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Click Fraud Internet PPC Advertiser Risk #1
must read
Brett_Tabke




msg:1226866
 3:43 pm on Dec 30, 2005 (gmt 0)

One of the most powerful peices yet on click fruad ran this month on Wired [wired.com].

Pay-per-click advertising is big, big, big business. So are bogus hits on Internet ads. It's search giants against scam artists in an arms race that could crash the entire online economy.

Bill Gross, the man who invented PPC back in the late '90s when he presided over the startup incubator Idealab, has argued that, despite the cleverness of the various methods used to fight it, click fraud will continue to cast a shadow over PPC advertising. Ultimately, he believes, advertisers will switch to another model...

 

europeforvisitors




msg:1226926
 2:32 am on Jan 12, 2006 (gmt 0)

Pay per conversion is an interesting rev-share model.

Not all advertisers are e-commerce or affiliate sites who expect immediate transactions. Service businesses, for example, are advertising for leads that can be developed into sales or business relationships at a later date. So, if the model called for pay per conversion, there would have to be agreement on what a "conversion" is.

If anything, I think it's more likely that Google, publishers, and advertisers will move to a CPM model (especially if Google wants to expand its roster of mainstream ad agencies and advertisers, not just the traditional PPC market of e-commerce and affiliate sites). Madison Avenue understands CPM, and impression fraud is probably easier to control than click fraud. (Also, CPM advertisers are used to having a certain amount of "waste circulation" from readers who don't see ads, radio "listeners" who leave their favorite FM station on for the dog during the day, or TV watchers who head for the bathroom when the commercials come on.)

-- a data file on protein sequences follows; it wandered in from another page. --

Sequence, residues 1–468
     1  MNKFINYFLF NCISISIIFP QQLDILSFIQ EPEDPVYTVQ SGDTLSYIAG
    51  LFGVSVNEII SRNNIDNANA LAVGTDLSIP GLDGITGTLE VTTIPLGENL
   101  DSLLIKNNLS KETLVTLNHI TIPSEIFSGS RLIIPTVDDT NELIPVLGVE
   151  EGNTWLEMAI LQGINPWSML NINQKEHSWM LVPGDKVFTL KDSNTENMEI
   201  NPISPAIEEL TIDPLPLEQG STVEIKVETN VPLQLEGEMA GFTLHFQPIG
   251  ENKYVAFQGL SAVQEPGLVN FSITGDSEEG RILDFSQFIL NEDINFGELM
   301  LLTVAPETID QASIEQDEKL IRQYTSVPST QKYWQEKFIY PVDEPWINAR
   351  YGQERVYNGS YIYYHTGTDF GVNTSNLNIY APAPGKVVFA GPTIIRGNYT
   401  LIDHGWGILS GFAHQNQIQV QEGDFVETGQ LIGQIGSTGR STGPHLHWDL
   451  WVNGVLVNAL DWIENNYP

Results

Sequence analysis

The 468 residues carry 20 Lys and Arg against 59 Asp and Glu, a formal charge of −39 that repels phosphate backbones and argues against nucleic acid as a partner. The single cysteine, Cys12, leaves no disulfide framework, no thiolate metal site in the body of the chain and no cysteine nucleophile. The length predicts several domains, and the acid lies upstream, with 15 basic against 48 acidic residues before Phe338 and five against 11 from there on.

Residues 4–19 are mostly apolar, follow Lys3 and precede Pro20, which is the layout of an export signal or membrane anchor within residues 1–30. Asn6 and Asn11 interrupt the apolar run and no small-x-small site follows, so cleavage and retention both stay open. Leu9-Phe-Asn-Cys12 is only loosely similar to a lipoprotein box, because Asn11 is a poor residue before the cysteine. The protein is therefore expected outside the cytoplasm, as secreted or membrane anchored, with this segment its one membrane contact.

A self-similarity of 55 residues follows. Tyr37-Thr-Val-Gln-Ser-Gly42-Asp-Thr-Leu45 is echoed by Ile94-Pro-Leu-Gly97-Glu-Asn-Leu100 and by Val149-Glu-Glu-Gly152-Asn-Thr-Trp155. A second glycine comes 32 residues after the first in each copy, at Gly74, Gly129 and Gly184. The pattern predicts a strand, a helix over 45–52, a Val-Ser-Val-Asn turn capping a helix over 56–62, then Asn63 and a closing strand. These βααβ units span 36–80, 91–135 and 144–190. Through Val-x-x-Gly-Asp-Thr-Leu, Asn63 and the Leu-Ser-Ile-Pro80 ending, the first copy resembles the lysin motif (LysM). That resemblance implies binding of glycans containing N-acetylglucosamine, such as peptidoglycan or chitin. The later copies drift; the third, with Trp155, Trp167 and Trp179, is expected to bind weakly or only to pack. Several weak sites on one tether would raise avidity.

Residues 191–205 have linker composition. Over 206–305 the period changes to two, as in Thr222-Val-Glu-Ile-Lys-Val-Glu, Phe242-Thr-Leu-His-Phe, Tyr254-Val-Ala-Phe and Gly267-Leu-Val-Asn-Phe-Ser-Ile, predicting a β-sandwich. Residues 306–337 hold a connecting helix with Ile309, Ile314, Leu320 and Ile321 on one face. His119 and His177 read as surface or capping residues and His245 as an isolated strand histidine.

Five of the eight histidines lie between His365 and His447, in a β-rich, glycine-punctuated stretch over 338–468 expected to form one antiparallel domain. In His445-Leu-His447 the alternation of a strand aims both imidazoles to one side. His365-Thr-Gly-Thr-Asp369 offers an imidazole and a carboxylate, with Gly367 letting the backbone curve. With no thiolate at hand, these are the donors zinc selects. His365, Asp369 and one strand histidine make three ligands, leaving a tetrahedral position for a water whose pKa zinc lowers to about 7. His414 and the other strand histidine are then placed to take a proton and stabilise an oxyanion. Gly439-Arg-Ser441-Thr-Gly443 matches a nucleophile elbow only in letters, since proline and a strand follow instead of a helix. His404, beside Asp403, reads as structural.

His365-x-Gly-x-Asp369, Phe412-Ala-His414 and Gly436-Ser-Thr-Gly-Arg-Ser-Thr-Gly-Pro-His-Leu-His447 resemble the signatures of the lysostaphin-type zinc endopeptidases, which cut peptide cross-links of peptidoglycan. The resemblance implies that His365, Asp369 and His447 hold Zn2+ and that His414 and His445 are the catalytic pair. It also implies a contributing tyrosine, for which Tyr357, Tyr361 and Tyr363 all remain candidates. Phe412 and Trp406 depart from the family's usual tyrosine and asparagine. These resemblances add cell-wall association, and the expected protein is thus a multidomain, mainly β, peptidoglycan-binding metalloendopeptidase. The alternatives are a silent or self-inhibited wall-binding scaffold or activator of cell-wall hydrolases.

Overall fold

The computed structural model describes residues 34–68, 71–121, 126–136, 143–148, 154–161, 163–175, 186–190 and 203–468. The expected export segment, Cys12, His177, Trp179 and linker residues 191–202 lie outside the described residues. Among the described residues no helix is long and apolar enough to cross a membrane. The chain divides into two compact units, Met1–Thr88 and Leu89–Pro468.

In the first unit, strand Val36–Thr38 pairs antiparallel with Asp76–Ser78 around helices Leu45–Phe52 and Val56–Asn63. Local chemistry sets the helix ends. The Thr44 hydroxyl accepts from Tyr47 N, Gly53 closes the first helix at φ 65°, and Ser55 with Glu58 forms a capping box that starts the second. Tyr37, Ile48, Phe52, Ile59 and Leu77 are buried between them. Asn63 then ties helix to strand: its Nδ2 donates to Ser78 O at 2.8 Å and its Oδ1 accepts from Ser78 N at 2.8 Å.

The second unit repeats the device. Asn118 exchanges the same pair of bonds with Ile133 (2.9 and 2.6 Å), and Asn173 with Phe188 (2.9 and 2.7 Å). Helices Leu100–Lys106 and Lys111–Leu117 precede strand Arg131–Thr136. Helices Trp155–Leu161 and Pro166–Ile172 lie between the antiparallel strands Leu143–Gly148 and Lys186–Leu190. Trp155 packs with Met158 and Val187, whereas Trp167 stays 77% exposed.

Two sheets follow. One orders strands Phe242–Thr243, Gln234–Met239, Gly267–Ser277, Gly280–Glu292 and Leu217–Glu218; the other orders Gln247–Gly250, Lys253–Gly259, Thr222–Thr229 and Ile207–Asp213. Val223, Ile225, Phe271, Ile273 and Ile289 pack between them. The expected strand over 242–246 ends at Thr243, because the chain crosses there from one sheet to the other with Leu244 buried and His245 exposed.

StupidScript




msg:1226927
 9:19 pm on Feb 2, 2006 (gmt 0)

If you need further proof of the article's prescience, check out the various stories coming out about Jeanson James Ancheta [wired.com] (that link is to Wired's version).

Starting in August 2004, Ancheta turned to a new, more lucrative method to profit from his botnets, prosecutors said. Working with a juvenile in Boca Raton, Florida, whom prosecutors identified by his internet nickname "SoBe," Ancheta infected more than 400,000 computers.

Ancheta and SoBe signed up as affiliates in programs maintained by online advertising companies that pay people each time they get a computer user to install software that displays ads and collects information about the sites a user visits.